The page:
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The Savannah Playhouse

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In the fall of 1949 the theater department at Armstrong Junior College was kinda small. It consisted of one class, and only nine of us had signed up for it. That didn't limit us though. Our theater group, The Savannah Playhouse, was open to all who wanted to participate. It was a joint college-community venture. Subsequently we had lots of participants, some of them newcomers and many with years of experience, working in it.

The class was the core of the Playhouse. Our teacher-director, Carlson Thomas, had high standards for us. He wanted us to learn every aspect of staging plays, and to do it with professional-quality skill. We learned to build scenery, paint scenery, light scenery and move scenery. With the help of experienced community volunteers, we learned to dress the stage and the performers. We rigged the drops, set up the props and worked the lights. And we acted in the plays.

It was the backstage work that interested me. I didn't want to act. I wanted to learn about what went on behind the scenes. I liked making things and took most naturally to building scenery and handling it. But in my first term I was pushed into taking a small part in I Remember Mama. I played a writer who gave advice to the heroine. Each play ran for six days, and I struggled through the run, but had no desire to do it again. Once they'd seen me act, nobody pushed me to do it again.

For I Remember Mama, we'd rigged up a drop curtain, counterweighted with a sandbag, that was raised and lowered with a homemade winch screwed to the floor. Since I was a stage hand doubling in a small role, my main job during the show was tending the winch. During dress rehearsal, I was sitting next to the winch, waiting for my cue, when suddenly it went up into the air, and the sandbag came smashing into the floor a couple of feet from me. So did our drop curtain. The screws holding the winch had pulled loose.

When we put it all back together again, we used bigger, stronger screws.

We need something stronger to hold the theater together, but we didn't know that. The next play on our schedule was Charley's Aunt. We had already begun work on it when our director was badly injured in an auto accident, and for the rest of the season we were on our own. One of the people in the class was Ross Durfee, who had done his time in the military and was going to college on the G.I. Bill. He was already an actor who'd had professional experience. He took over direction. Walt Kessel, our production manager, and Wray Potter, our lighting director, were community people who'd had a lot of experience with local theater. They took over the stage crew. We went on with the show and it was a success.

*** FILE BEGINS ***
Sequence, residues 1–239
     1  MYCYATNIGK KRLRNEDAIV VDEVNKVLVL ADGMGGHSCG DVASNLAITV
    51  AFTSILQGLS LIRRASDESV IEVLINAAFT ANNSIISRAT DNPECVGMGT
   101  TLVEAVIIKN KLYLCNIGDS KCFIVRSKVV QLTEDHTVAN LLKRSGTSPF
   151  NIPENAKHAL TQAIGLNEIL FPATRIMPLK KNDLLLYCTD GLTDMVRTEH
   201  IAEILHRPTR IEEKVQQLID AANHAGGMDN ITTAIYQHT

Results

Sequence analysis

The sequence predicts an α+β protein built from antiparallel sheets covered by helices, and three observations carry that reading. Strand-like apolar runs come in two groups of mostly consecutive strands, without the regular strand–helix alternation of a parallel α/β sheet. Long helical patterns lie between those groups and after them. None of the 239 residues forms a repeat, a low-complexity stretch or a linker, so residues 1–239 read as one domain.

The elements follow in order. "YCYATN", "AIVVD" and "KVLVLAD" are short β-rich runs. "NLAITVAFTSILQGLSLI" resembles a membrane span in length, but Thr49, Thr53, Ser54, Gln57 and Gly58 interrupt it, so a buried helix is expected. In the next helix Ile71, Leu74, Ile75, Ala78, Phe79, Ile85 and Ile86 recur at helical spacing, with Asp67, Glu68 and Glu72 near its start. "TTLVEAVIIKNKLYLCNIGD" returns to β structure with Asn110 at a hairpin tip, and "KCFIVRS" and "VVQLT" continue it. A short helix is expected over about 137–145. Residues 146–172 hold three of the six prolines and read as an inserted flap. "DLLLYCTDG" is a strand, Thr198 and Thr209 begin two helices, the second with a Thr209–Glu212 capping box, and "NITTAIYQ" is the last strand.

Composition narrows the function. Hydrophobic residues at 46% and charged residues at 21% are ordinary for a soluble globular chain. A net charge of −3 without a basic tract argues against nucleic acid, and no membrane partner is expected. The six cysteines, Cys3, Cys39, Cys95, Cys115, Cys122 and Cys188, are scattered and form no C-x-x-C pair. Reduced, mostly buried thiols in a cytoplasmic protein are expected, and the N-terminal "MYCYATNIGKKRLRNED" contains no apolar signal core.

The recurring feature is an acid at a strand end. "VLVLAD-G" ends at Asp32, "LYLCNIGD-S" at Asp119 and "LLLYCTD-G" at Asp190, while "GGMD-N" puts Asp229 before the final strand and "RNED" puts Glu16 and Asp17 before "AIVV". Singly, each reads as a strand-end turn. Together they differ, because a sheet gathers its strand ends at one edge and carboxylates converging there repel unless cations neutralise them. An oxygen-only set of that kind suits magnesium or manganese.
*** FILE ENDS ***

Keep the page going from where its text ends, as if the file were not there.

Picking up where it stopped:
The third production on the schedule was The Barretts of Wimpole Street. We got together a cast and crew of the best people available, and put our best efforts into the best production we possibly could do. I spent hours after classes, and some in between classes, on the crew building sets. The end result was everything we'd hoped for. A first-class production that sold out at the box office.

The final production on our schedule was The Merry Wives of Windsor, but we decided to substitute something simpler. We chose The Drunkard, a Victorian play that had been performed for decades, mostly as a farce. My right hand appeared in that one, though not in a speaking role. At one point a performer was supposed to give another a bouquet of flowers. But the bouquet was intentionally left offstage, as if it had been forgotten. On cue the hand of a stagehand would thrust it out from behind a piece of scenery. Mine was that hand.

I was really enjoying working with the theater, and was doing well enough to get a work-scholarship as assistant to the director. I had a notion to go on to a degree in theater and perhaps become director of a little theater somewhere myself.

We had done too well carrying on without Carlson Thomas. As usual, the college was on the financial edge. The Board decided to dismiss him, close our tiny theater department, and make theater an extra-curricular activity the next term. That ended community participation. I had some disagreements with the new approach, and after a while, I quit the club.

The community people formed a new theater group and I went with them. But they didn't have a theater to perform in. They had to do their productions in borrowed space. Without a proscenium stage they started working in the round. I assisted with the lights for a season, but I wasn't really needed. And I was a stagehand at heart. There's not a lot for a stagehand to do when the stage is just a circle of floor space surrounded by audience. My enthusiasm for theater waned and after a while I gave it up.



© 2018 Gary Ross Hoffman

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